This TV drama follows a whānau taking a claim to the Waitangi tribunal, over plans by a Pākehā neighbour to build a resort on disputed land. Ngā Tohu jumps between the present day and 1839/40, when Māori chiefs were canvassed to support the Treaty of Waitangi and a settler makes an equivocal land deal with Chief Tohu (George Henare). The exploration of the Treaty's evolving kaupapa is effectively humanised by an age-old love story, and it scored multiple drama gongs at 2000's TV Awards. Director Andrew Bancroft wrote the teleplay with playwright Hone Kouka.
Directed by David Fowler for the National Film Unit, tourism promo Holiday For Susan enthusiastically follows 22-year-old Aussie Susan's tour of Godzone with Kiwi lass Lorraine Clark. En route, Susan finds a husband in Auckland's David Thomas. Abounding with shots of scenic wonder (cleverly integrated with signs of the country's industrial progress), and Susan's legs (many aspects of the film would have had Kate Sheppard rolling in her grave), the film presents a jaunty portrait of 60s NZ as a destination for young, well-to-do, globetrotters.
This 1968 tourism promo follows two Aussie sheilas, Helen and Beverly, on a champagne-fuelled trip across the ditch. The tour kicks off with an obligatory sheep's 'baa', but offers some surprises alongside the scenic wonderland way, such as a detour to a Kaingaroa Forest mill and an Otago gold rush history lesson. Surprisingly trippy, Blow Up-inspired opening credits, some bold cutting and a jazzy score enliven the jaunt; a highlight is the lasses and hip local lads Monkee-ing around a Māori village and geothermal power station ... it's not PC, but it's definitely pop-tastic!
Shot for an Australian Travel Agents Seminar, this short film seeks to portray 1969 New Zealand as a hip and happening place. The tourism clichés of a scenic wonderland remain, but the film attempts to present a more sophisticated NZ to entice jet-set Aussies east. After all, we "got rid of six o'clock closing ages ago." To complement the Anzac staples of sport, beer and gambling there are mountains and Māori. Nightclubs offer show bands and strippers for "relaxation" after strenuous days of sightseeing. C’mon is a fascinating snapshot of a nation in transition.
Made for the 75th anniversary of the Tourist and Publicity Department, this National Film Unit short film surveys New Zealand tourism: from shifts in transport and accommodation, to how Aotearoa is marketed. The "romantic outpost of Empire" seen in 1930s promotional films gives way to a more relaxed, even saucy pitch, emphasising an uncrowded, fun destination. Middle-earth is not yet on the horizon; instead Wind in the Willows provides literary inspiration. Directed by Hugh Macdonald (This is New Zealand), it screened alongside Bugsy Malone and won a Belgian tourist festival award.
The Waitomo Caves are a longtime tourist magnet, thanks to their bioluminescent glow-worms and spectacular stalagmite and stalactite formations. Aside from the glories of the caves, this National Film Unit tourism film mentions the surrounding countryside as “a good reason to stay another day”. Set to a laid-back jazz score, a tour from Waitomo Caves Hotel takes in lambing, limestone outcrops, scenic driving and a picnic by the Marokopa waterfalls. But "to float down the underground river as galaxies pass silently overhead is the crowning pleasure in the valley of Waitomo.”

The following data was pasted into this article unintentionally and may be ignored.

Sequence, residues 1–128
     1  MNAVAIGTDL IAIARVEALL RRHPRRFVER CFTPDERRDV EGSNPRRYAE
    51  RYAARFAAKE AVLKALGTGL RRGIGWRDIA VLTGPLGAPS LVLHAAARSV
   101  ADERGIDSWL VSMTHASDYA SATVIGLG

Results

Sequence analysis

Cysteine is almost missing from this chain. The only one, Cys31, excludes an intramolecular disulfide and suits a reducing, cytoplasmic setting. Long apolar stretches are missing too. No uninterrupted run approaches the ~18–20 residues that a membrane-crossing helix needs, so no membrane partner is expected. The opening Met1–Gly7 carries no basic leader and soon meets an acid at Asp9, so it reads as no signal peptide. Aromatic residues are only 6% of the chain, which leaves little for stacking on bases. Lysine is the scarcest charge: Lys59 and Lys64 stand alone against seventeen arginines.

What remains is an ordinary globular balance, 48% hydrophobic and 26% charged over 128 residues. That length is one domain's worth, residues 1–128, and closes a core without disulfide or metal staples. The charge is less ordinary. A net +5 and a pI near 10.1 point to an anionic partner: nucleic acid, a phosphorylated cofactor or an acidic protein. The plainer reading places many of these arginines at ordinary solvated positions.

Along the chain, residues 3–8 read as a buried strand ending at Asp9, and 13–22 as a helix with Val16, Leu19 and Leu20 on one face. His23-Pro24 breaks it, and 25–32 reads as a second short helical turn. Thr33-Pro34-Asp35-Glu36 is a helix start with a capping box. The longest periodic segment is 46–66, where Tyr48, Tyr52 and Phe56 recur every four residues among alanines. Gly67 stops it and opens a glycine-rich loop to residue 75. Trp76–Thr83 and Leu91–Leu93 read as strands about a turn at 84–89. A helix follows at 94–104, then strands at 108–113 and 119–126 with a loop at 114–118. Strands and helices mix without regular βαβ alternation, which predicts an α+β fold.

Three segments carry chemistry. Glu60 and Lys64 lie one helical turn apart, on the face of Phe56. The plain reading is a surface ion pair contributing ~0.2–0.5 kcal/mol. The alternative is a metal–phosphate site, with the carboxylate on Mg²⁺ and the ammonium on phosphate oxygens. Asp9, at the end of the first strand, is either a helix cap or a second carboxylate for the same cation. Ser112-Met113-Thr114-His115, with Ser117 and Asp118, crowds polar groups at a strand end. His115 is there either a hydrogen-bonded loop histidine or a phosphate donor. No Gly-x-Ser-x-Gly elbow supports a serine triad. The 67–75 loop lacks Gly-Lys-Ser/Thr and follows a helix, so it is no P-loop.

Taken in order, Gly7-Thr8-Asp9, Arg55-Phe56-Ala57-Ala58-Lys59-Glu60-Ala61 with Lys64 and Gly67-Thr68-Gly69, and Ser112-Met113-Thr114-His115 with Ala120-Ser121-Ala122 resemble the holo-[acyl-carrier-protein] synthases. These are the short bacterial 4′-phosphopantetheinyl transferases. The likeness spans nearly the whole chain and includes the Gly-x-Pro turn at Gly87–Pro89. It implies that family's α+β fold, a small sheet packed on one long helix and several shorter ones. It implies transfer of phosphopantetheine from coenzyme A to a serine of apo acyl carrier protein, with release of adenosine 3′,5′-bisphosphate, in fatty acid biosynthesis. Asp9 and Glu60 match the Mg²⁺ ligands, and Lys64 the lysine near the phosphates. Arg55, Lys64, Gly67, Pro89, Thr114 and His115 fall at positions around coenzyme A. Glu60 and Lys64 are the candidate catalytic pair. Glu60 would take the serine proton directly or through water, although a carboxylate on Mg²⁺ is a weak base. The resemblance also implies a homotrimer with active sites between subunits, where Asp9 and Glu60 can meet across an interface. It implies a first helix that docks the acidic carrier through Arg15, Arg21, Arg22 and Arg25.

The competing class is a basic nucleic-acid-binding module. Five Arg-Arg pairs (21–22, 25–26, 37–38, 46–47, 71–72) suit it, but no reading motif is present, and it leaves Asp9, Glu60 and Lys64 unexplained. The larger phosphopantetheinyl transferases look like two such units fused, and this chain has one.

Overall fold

At the time of this 1984 interview with Catherine Tizard, Auckland had just been announced as host for the 1990 Commonwealth Games. Weekend's Terry Carter interviews the city’s mayor on her preparation plans: covering commercialism, chauvinism, Treaty of Waitangi, tourism, and a proposed All Blacks tour to South Africa (“it won’t help”). Tizard defends the controversial Aotea Centre and talks about family sacrifices she's made for the mayoral job. ‘Dame Cath’ was the first female Mayor of Auckland, and went on to be New Zealand’s first female Governor-General.
This 1963 film looks at how the development of high country aviation is taking on the challenges presented by the South Island’s rugged geography. Piloted by war veterans, small aircraft parachute supplies into remote locations for Forest Service hut building and service lighthouses. Meanwhile helicopters and airlines open up opportunities for industry (venison, tourism, forestry, topdressing) and recreation (fishing, hunting). Good keen men, smokos and Swannies abound in this classically-filmed National Film Unit documentary.
The line “where the bloody hell are you?” generated controversy when used in a 2006 Aussie tourism campaign; so who knows what 1980 audiences made of this promo’s exhortation to “Come on to New Zealand.” But as the narration assures: “It’s a safe country. You can walk without being molested.” Aimed at the US market, the film was made as long haul air travel was opening up NZ as a destination. Māori culture, sheep and pretty scenery are highlighted, alongside skinny dipping and weaving (!). Narrated by Bob Parker, the NFU promo marked an early gig for editor Annie Collins.
This second episode of the three-part series following British MP Austin Mitchell’s return to the country where he began his career in (as a broadcaster and author of 1972 book The Half Gallon Quarter Acre Pavlova Paradise) sees a focus on politics. The former Canterbury University political scientist gives a potted political history, from the roots of a conservative Kiwi political mien to the radical changes wrought by Lange’s 80s Labour government and the rise of women ‘on the hill’. Finally he considers tourism, Treaty settlements and the aspirations of Māori.